By Stan Friedman
ASSARIA, KS (July 16, 2014) — The Peterson Brothers were just a trio of farm boys from this small town in Kansas when they made their first parody video, “I’m a Farmer, and I Grow It,” based on the hit single “I’m Sexy and I Know It.” That was in 2012, and they produced it on a whim to entertain family and friends.
Within four days, it had been watched one million times. That caught the attention of the morning news program Fox and Friends, which flew them to New York for a taping. The day the segment aired, it was viewed two million more times.
Brothers Greg, Nathan, and Kendal, who represent the fifth generation on their family’s farm, had just arguably become the best-known ambassadors for agriculture. Since the first video, the brothers have made several other parodies, including “Farmer Style,” based “Gangnam Style.” It has scored 15.1 million views.
They also have produced more serious videos on daily farm life. Altogether the videos have had 31.3 million views from people in 230 countries. More than 75,000 people subscribe to their YouTube channel.
Since 2012, they have made several international appearances, including a farm show in Germany, and will be traveling to Australia in the next several weeks. They also have performed at events throughout the United States. At agriculture gatherings, people crowd around them to get their autograph and pictures. They have received wedding proposals via YouTube.
Local media stations and national agriculture publications announce the release of each new video, including their latest, “I Always Farm,” which debuted Monday and already has nearly 99,000 views. That they are able to make a humorous video featuring cows and tractors that promotes agriculture while parodying a misogynistic rap clip is a testament to their creativity.
Nobody who knows the Petersons thinks of them celebrities, say the brothers, who laugh about their success. They often are part of the entertainment at events where they appear, and Greg jokes, “I don’t think we’re great performers. It just proves we really can sing and we really can’t dance.”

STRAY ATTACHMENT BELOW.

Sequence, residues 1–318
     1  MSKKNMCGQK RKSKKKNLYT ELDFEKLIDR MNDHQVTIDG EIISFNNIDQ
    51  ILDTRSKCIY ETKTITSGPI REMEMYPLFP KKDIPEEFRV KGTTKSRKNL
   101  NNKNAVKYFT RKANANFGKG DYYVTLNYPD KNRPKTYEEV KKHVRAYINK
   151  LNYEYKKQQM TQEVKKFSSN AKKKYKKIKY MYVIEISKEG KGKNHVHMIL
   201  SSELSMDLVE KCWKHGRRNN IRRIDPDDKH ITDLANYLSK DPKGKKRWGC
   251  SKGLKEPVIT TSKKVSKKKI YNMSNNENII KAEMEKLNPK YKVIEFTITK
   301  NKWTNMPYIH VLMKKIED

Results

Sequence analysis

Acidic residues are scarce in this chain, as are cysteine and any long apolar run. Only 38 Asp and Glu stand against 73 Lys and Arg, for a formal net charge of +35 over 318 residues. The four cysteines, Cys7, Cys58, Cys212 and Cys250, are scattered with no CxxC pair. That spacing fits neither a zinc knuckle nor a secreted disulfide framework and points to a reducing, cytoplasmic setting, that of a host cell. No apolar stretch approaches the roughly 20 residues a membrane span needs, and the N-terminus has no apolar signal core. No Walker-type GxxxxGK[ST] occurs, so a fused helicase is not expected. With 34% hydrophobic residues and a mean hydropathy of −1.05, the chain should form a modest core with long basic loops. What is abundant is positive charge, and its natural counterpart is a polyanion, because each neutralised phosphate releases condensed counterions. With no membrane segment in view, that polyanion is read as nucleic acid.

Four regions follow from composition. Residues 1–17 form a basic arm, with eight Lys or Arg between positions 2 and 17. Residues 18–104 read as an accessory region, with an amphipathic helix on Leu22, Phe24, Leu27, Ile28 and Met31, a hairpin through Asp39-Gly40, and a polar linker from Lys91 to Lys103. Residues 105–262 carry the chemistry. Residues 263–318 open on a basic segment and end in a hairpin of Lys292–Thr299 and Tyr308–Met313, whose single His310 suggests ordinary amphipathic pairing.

The Peterson family attends the Evangelical Covenant Church in nearby Lindsborg. The brothers are excited that the videos have led to an opportunity to highlight farming, but they are equally excited that it has given them a broad outlet to share their faith.
They have become evangelists for farming and, they hope, Christ. References to their dependence on God and images of them reading the Bible appear in their videos. On his Twitter feed, Greg, who writes the parodies, describes himself first as a “Christ follower.” He also has recorded a Christian CD. The brothers’ Facebook page references Psalm 115:1—“Not to us, LORD, not to us but to your name be the glory, because of your love and faithfulness.”
“After the first video went viral, we felt really blessed,” says Greg, the oldest and creative leader of the brothers. “We didn’t feel like we really deserved it. From that point on, we didn’t feel like we had anything to lose. We need to promote our faith.”
“I think that God set up our situation so well,” says Kendal, who graduated from high school this year. “We had so many big and small decisions that could have gone wrong, but he was with our family from the moment Greg even thought of the idea. Our faith has really kept us grounded and kept this whole situation in perspective.”
Nathan, a student at Kansas State University, said there are parallels in farming and being people of faith. “Society is getting disconnected from both God and agriculture and needs to realize both are vital for life. Obviously Jesus is the ultimate need, but God gave us the need to sustain ourselves physically too. Farmers are doing the work to provide food for humans all over the world, and as Christians, we need to be sharing the gospel of Christ all over the world.”
For the Petersons, how they farm is part of how they live out their faith, Greg says. “It’s God’s creation, and we’re supposed to take care of it.”
Greg graduated from Kansas State with a degree in agriculture communications/journalism and writes frequently on the brothers’ blog about agriculture issues. He thoughtfully addresses what can be contentious issues such as corporate farming, the use of pesticides and genetically modified foods, and animal welfare.
Most farmers, regardless of whether they have a religious faith, also care about the environment and how they treat the land and livestock, he says. “Just from a business sense, you have to care about that. One of the most important things in agriculture is to minimize stress from the animals’ birth to their death because otherwise they won’t perform well. Animal welfare goes along with profit.”
He acknowledges that there are farmers who engage in cruelty. Their practices disgust him, he says, but they represent a small minority—just as there are unethical people in any occupation.
“It’s crazy to me that people think we’re bad people,” Greg says. “I wish everyone in the city could make friends with farmers.”